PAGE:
Tampa-area leaders in Toronto to talk trade, tourism, filmmaking
October 19, 2015
Yvette C. Hammett | Tampa Tribune/TBO.com
More than 70 regional business leaders are in Toronto this week working to grow exports to Canada, develop more commercial business relationships there and gain an understanding of what it takes to become a premier location for filmmaking.
Tampa Mayor Bob Buckhorn, St. Petersburg Mayor Rick Kriseman, Hillsborough County Commissioner Al Higginbotham and Pinellas County Commissioner Charlie Justice are leading the delegation for the Tampa Bay Export Alliance. The alliance is a joint effort between the Tampa Hillsborough Economic Development Corp. and the Pinellas County Economic Development.
“Canada is one of the most important strategic markets for Tampa Bay,” said Rick Homans, president and CEO of the Tampa Hillsborough Economic Development Corp. “It is the number one export destination for our region’s goods and services and our third largest source of foreign direct investment. The opportunities for local companies to expand their North American footprint and find a receptive market for their goods and services in Canada are significant.”
The group will spend two full days in Toronto to promote international business, tourism and film and digital media opportunities between Canada and the Tampa Bay region. The agenda includes a Gold Key program (customized one-on-one meetings arranged by the U.S. Commercial Service for business people) as well as film and digital media and other industry site visits, informational briefings, investment meetings and business roundtables.
Hillsborough County Film Commissioner Dale Gordon is among the delegates. “Any time we travel to a sophisticated film market we try to meet with filmmakers to market Tampa as a destination,” Gordon said by phone from Toronto. “The reason it is so important to incorporate that into the trade mission is incentives.”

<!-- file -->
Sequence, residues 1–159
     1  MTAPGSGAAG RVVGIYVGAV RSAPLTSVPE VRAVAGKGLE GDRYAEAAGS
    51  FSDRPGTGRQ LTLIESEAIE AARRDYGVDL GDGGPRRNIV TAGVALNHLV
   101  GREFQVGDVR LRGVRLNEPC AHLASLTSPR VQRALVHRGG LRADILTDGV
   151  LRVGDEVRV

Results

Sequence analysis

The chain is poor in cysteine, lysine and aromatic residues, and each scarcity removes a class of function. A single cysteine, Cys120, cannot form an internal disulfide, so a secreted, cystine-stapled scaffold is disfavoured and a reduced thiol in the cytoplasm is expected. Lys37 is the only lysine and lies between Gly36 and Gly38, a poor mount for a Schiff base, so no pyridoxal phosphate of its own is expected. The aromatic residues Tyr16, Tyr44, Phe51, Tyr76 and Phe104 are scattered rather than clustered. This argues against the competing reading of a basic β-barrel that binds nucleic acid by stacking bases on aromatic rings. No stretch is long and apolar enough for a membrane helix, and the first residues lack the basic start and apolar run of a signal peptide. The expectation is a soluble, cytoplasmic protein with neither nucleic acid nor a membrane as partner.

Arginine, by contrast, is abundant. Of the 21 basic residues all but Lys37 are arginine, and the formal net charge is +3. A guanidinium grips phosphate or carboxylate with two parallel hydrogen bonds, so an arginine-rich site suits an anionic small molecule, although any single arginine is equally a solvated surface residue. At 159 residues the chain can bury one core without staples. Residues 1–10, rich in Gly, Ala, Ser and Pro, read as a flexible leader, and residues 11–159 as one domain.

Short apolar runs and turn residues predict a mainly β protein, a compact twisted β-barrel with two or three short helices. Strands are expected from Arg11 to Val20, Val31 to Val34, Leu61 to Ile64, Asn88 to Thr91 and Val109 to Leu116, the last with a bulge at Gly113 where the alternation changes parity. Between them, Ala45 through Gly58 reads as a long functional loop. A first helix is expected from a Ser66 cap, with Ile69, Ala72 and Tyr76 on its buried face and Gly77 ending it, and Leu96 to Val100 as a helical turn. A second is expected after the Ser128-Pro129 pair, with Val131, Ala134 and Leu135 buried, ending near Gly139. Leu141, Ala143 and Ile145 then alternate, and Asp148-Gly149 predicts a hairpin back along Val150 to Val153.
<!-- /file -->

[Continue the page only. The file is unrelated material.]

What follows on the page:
Toronto, she said, was the first location to offer incentives to filmmakers, which actually started an exodus from Los Angeles and New York City to Canada. She plans to spend almost an entire day on the film component of the mission, visiting the IMAX headquarters and Cinespace Film Studios, the largest sound stage in the world, as well as Corus Entertainment’s digitial animation studio.
“This isn’t just about getting a Hollywood film made in Tampa Bay,” Gordon said. “It’s long term strategic growth of an industry.” She said she is hoping to come home with more than 50 new advocates for the film industry in the Tampa region.
Tampa Bay Lightning owner Jeff Vinik is also on the mission trip and will be the keynote speaker Tuesday at the American Chamber of Commerce’s luncheon at the Hockey Hall of Fame where he’ll discuss his $2 billion mixed use development plans for downtown Tampa.
“AmCham Canada is very pleased to welcome the Tampa Bay Export Alliance and (Vinik) to Canada,” said Robert Bathgate, chair of the Toronto-Greater Toronto Area AmCham Canada chapter. “This mission and luncheon will play a vital role in expanding U.S., Canada cross-border opportunities.”
“One of Tampa Bay’s great strengths is the diversity of its businesses, with mission participants representing a cross-section of industries: medical devices, information technology, travel and tourism, aerospace, financial services, health care, manufacturing, filmmaking and more,” said Bruce A. Heyman, U.S. ambassador to Canada. “As such, these firms are well positioned to take advantage of the U.S.-Canada trade and investment relationship.”
Since that list includes tourism, Visit Tampa Bay CEO Santiago Corrada and Visit St. Pete-Clearwater’s Ed. Cassidy are also on the mission trip, along with Chris Minner, vice president of marketing for Tampa International Airport.